Introducing the new IMA Caribbean Maxi Multihull Series

By the International Maxi Association on 13/2/2024

Maxi multihull owners and crews now have an extra target when they race in the Caribbean this spring. Following its successful series in the Mediterranean for maxi monohulls, the International Maxi Association has similarly gathered together the most popular local sailing events to create the IMA Caribbean Maxi Multihull Series (CMMS). As with other IMA series, this is open to maxis (ie yachts of 60+ft (18.29m) LH) but in this case multihulls. The winner will have their name engraved on a silver perpetual trophy, put up by the IMA.

For 2024, the new IMA Caribbean Maxi Multihull Series (CMMS) comprises a mix of inshore and offshore races:

1) Caribbean Multihull Challenge Race and Rally (St Maarten) – 1-4 February
2) RORC Caribbean 600 (Antigua-Antigua) – 19 February
3) St Maarten Heineken Regatta (St Maarten) – 29 February-3 March
4) BVI Spring Regatta & Sailing Festival (Tortola, BVI) – 1-7 April

The initiative is in line with the IMA’s remit, as tasked to it by the governing body of the sport, World Sailing: to oversee, nurture and develop maxi yacht racing internationally. As its other monohull maxi series have shown, the aim of the Caribbean Maxi Multihull Series is to provide focus upon and consolidation in a few key events, thereby growing fleets and increasing competitor enjoyment.

While maxi racing as a sport has existed for decades, if not centuries, private owner maxi multihull racing is a much newer discipline. Owners have been enjoying ultra-hot competition between heavily turboed, and today often fully flying, former MOD70 trimarans, while the last two decades has seen huge advances in hi-tech and ultra high performance cruising catamarans, led by Gunboat, some of whose owners wish to race.

As to why the IMA has chosen to hold this series in the Caribbean, Secretary General Andrew McIrvine explains: “At present there are groups of high performance multihulls, some in the USA and others in Europe. The Caribbean represents a natural annual meeting place for these two groups. As we’ve seen in the past their numbers are greatest in the events there.”

Since it was founded in 1979, the IMA has been dedicated purely to overseeing and developing the monohull side of the sport. Today private owner maxi multihull racing has converged with the monohull world: both use the same technology, created to the same high standards of design, engineering and build; both are sailed by similarly high calibre crew. In fact some owners, such as Highland Fling 18’s Lord Irvine Laidlaw, have made the transition from one to two hulls – his Gunboat 80 offering exceptional performance but also a more stable platform that is less physically demanding on him.

The 2024 IMA Caribbean Maxi Multihull Series started in early February with St Maarten Yacht Club’s Caribbean Multihull Challenge Race and Rally. After the penultimate day Todd Slyngstad’s well practiced team on their HH66 catamaran Nemo and Riccardo Pavoncelli’s Gunboat 66 Mana were tied on points. On the final day a trio of bullets for Nemo secured her the first victory of the Caribbean multihull racing season and first points in the CMMS.

The IMA CMMS resumes on 19 February with the RORC Caribbean 600, the sole offshore race of the CMMS, which the Royal Ocean Racing Club organises in association with Antigua Yacht Club. Multihulls have a long tradition competing in this, since the first edition when an ORMA 60 trimaran establishing a race record of 40 hours 11 minutes 5 seconds. Today the record stands at just 29 hours 38 mins 44 seconds; set in 2022 by Jason Carroll’s MOD70 Argo.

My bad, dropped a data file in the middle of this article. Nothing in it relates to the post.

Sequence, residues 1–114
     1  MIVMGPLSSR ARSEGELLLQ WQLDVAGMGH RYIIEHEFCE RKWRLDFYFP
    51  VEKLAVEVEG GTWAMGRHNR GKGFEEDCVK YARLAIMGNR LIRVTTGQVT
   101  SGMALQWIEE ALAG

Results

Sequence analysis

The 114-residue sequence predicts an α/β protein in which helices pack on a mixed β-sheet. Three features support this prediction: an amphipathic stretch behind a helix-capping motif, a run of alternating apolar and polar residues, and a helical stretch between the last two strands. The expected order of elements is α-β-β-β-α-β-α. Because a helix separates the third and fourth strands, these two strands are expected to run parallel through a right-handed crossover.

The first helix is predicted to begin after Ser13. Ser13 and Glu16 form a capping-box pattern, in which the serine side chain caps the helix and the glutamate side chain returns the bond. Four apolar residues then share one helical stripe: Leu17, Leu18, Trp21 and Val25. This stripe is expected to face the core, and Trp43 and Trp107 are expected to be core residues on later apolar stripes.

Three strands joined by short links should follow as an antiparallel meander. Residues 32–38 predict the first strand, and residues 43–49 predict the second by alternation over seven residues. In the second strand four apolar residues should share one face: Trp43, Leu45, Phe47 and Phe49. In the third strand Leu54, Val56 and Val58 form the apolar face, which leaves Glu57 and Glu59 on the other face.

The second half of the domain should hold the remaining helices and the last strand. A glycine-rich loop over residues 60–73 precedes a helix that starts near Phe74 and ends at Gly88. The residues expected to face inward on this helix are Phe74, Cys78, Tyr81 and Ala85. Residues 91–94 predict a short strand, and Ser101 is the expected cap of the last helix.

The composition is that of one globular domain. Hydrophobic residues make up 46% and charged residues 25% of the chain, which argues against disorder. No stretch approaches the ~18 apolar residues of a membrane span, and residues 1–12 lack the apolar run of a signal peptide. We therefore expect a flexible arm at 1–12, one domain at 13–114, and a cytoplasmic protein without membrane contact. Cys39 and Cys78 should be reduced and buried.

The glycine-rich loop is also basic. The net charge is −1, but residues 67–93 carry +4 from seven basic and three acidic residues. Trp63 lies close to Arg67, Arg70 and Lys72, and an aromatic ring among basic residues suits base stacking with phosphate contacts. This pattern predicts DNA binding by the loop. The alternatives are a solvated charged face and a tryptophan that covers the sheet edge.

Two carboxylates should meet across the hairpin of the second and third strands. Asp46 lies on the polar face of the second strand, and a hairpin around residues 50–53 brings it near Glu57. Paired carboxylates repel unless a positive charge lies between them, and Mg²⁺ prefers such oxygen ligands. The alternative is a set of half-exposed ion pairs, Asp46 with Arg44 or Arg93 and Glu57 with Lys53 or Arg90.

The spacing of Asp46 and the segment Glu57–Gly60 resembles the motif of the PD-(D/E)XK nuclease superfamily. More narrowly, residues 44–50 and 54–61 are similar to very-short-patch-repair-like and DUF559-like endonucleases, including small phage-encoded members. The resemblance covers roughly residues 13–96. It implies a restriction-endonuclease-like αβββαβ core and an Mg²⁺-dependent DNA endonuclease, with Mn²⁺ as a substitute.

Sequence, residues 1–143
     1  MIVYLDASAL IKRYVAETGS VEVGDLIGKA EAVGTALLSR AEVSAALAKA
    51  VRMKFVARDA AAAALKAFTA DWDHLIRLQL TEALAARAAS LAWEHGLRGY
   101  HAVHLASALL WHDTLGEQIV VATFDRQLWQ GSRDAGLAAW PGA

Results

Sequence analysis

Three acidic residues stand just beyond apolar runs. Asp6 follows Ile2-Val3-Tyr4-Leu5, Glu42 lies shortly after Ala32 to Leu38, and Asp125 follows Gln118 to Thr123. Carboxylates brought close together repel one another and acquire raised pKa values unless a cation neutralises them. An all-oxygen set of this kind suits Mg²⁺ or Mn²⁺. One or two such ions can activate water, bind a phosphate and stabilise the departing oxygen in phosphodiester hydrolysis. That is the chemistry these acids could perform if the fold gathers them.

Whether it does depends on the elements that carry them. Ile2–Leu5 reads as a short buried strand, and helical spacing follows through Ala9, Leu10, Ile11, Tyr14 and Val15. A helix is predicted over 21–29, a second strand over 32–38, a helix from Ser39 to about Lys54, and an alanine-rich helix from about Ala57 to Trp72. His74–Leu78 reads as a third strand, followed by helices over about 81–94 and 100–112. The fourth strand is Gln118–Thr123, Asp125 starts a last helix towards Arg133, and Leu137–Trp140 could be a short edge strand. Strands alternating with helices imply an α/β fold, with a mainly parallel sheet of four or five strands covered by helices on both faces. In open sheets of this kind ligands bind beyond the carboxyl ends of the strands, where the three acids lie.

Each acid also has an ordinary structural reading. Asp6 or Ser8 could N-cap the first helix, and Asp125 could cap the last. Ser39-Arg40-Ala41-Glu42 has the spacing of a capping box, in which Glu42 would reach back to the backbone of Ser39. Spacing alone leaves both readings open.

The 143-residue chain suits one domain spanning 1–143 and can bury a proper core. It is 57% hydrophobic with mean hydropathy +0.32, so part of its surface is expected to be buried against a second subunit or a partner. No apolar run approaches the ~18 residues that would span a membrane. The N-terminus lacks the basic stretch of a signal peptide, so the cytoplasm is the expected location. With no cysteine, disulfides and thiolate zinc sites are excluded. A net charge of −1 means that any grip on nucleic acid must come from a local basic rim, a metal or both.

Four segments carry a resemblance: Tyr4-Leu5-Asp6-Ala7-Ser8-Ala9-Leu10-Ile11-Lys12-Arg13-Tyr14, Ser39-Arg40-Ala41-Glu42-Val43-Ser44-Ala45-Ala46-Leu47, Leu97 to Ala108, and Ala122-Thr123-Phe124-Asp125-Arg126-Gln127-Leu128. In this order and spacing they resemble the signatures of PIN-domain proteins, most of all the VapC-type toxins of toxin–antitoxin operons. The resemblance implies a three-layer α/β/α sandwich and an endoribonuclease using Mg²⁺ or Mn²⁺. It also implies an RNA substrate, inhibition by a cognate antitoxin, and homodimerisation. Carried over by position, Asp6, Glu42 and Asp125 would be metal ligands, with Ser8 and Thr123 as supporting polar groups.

This year while three MOD70s, including Argo and 2023 line honours winner, Erik Maris’ Zoulou, will be competing for line honours, they will line up with Adrian Keller’s Irens 84 catamaran Allegra, the defending MOCRA class champion.

The series then returns north for the 44th St Maarten Heineken Regatta, also organised by Sint Maarten Yacht Club. One of the Caribbean’s oldest regattas, competitors are attracted by the island’s crystal clear waters and northeasterly trades that provide an opportunity for brisk sailing. Each day competitors are sent off on either a coastal course, including, if conditions allow, a race around St Maarten, or up to four inshore races.

Concluding the IMA CMMS in early April is the BVI Spring Regatta and Sailing Festival, organised by the Royal BVI Yacht Club and hosted by Nanny Cay Marina in Tortola over the first week of April.

The week kicks off with the Round Tortola Nanny Cay Cup, first of two races in the BVI Sailing Festival which is followed by the Scrub Island Invitational where competitors race to an idyllic island resort to enjoy a BBQ, live entertainment and awards in a paradise setting.  

Following a layday racing resumes with three days of  windward-leewards on the BVI’s magnificent St Francis Drake Channel.  The professional Race Committee set courses daily making full use of the variety of offshore and protected channel sailing, with up to three races a day, with maxi multihulls competing in the Performance Multihull class.

To quality for the IMA CMMS teams must compete in a minimum of two events to qualify. Those that sail more can discard their worst result. Teams that compete in more events are rewarded in the end of series scoring.

by James Boyd / International Maxi Association

IMA Caribbean Maxi Multihull Series

For more on the International Maxi Association visit www.internationalmaxiassociation.com

For more on the IMA Caribbean Maxi Series events:
Caribbean Multihull Challenge Race and Rally
RORC Caribbean 600
St Maarten Heineken Regatta
BVI Spring Regatta & Sailing Festival 

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